Unless you’ve been living under a rock for the past few weeks, chances are you’ve already heard about the dumpster fire that is Dolce & Gabbana’s latest marketing misstep.
In a series of ad clips titled “Eating with Chopsticks,” published in advance of what was supposed to be the luxury brand’s “tribute to China” fashion show in Shanghai, a young Asian model dressed in a glitzy red gown giggles as she struggles to eat archetypal Italian foods such as pizza, cannoli and spaghetti using a pair of chopsticks.
Her dining attempts were accompanied by stereotypical Chinese music playing in the background and a male voice over offering patronizing advice in Chinese such as: “we will show you how to use these little sticks to eat our traditional Margherita pizza,” and “it is still way too big for you, isn’t it,” referring to the cannoli. These clips were soon to be hastily taken down from the brand’s social media sites.
To add fuel to the fire, screenshots featuring derogatory remarks made by Stefano Gabbana — one half of the Dolce & Gabbana founding duo – via Instagram direct messages, surfaced not long after the videos were posted. The screenshots showed Gabbana mockingly referring to Chinese people as “ignorant dirty smelling mafia” and using several poop emojis to describe the country itself.
Unsurprisingly, the videos and screenshots elicited a tremendous backlash, particularly among Chinese communities around the globe.
“Orientalism is expressed so explicitly in this ad. It is very offensive to portray all Chinese people in such a stereotypical way,” one comment mentioned in an Asia Times article read.
Out of the cacophony of voices as internet users all over the world scramble to add their two cents to the heated discussion, I find myself agreeing with the above statement the most. Call them whatever you may, but Dolce & Gabbana’s “Eating with Chopsticks” series is orientalism at its finest.
The term orientalism is coined by the Palestinian-American writer and academic Edward Said, whose 1978 book "Orientalism" defined it as a patronizing Western way of portraying and perceiving the peoples of Asia, often implying that non-Western societies are exotic, static and backwards and in dire need of Western restructuring and help. This attitude paved the way for much stereotyping that was to come.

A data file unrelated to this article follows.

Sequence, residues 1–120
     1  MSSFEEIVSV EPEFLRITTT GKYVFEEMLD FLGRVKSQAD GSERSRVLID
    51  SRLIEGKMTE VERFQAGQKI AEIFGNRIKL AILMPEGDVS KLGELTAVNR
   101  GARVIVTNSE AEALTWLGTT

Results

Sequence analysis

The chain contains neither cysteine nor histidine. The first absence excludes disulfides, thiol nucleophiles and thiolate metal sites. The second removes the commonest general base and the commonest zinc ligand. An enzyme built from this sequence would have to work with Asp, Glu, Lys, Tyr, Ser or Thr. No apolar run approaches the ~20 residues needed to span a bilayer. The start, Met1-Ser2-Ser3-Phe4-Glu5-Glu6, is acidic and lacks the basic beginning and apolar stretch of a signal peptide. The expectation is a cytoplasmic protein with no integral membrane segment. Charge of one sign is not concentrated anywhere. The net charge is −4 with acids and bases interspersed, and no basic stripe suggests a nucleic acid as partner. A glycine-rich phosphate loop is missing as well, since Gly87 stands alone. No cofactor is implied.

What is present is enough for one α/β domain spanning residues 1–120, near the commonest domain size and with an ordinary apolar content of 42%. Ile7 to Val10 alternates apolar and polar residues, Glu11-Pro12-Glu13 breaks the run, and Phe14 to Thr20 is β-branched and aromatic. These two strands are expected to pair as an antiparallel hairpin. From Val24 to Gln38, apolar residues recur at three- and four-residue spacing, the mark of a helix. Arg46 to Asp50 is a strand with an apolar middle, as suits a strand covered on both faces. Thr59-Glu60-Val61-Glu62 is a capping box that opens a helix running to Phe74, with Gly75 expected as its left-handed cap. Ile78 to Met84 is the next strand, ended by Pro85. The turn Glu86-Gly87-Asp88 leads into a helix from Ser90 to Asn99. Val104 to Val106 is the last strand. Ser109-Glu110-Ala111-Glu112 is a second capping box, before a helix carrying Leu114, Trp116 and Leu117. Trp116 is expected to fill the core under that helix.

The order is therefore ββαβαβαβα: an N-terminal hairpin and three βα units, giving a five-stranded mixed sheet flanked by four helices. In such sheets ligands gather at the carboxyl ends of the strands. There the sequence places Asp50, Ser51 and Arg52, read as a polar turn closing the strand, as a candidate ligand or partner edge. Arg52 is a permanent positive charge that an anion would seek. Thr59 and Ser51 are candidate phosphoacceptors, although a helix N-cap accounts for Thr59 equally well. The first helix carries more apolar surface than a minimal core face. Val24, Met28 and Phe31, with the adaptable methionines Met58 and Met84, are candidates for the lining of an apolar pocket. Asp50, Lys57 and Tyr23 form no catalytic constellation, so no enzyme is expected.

Mainstream media, with Hollywood being the prime example, is no stranger to exoticizing Asian culture, long before Dolce & Gabbana’s tone deaf video ads and before Said published his book.
Arguably the most infamous and, sadly, one of the most enduring representation of people of East Asian decent was the mandarin hat-wearing evil genius, Fu Manchu. Created by the British writer Sax Rohmer, Manchu, the Chinese criminal mastermind, was constantly defeated by Scotland Yard commissioner Denis Nayland Smith, a walking paragon of British values but nothing more than a cheap knockoff of Sherlock Holmes in terms of literary values.
Nevertheless, Rohmer’s novels proved to be widely popular and eventually sprouted a series of films. Fu Manchu was always portrayed by actors of Caucasian descent.
Asian women, on the other hand, often found themselves subjected to the Madame Butterfly treatment. Epitomized from Giacomo Puccini’s opera “Madama Butterfly,” this perception stereotypes Asian females as dainty, waiflike and submissive, much like the dolled-up model in the Dolce & Gabbana ads, who was clearly at a loss using the chopsticks to eat the food before her and had to be told what to do by the male narrator.
Perhaps the greatest irony of the Dolce & Gabbana ads is that they came out in 2018, the same year groundbreaking films like “Crazy Rich Asians” and “To All the Boys I’ve Loved Before” were released, depicting well-rounded characters of Asian descent as all types of human beings – not just the handful of stereotypes we so often see.
Standing in dire contrast to these portrayals, Dolce & Gabbana shows us the war on cultural stereotyping is far from over.
Have we made progress? Yes. Do we still have a long way to go? Yes.
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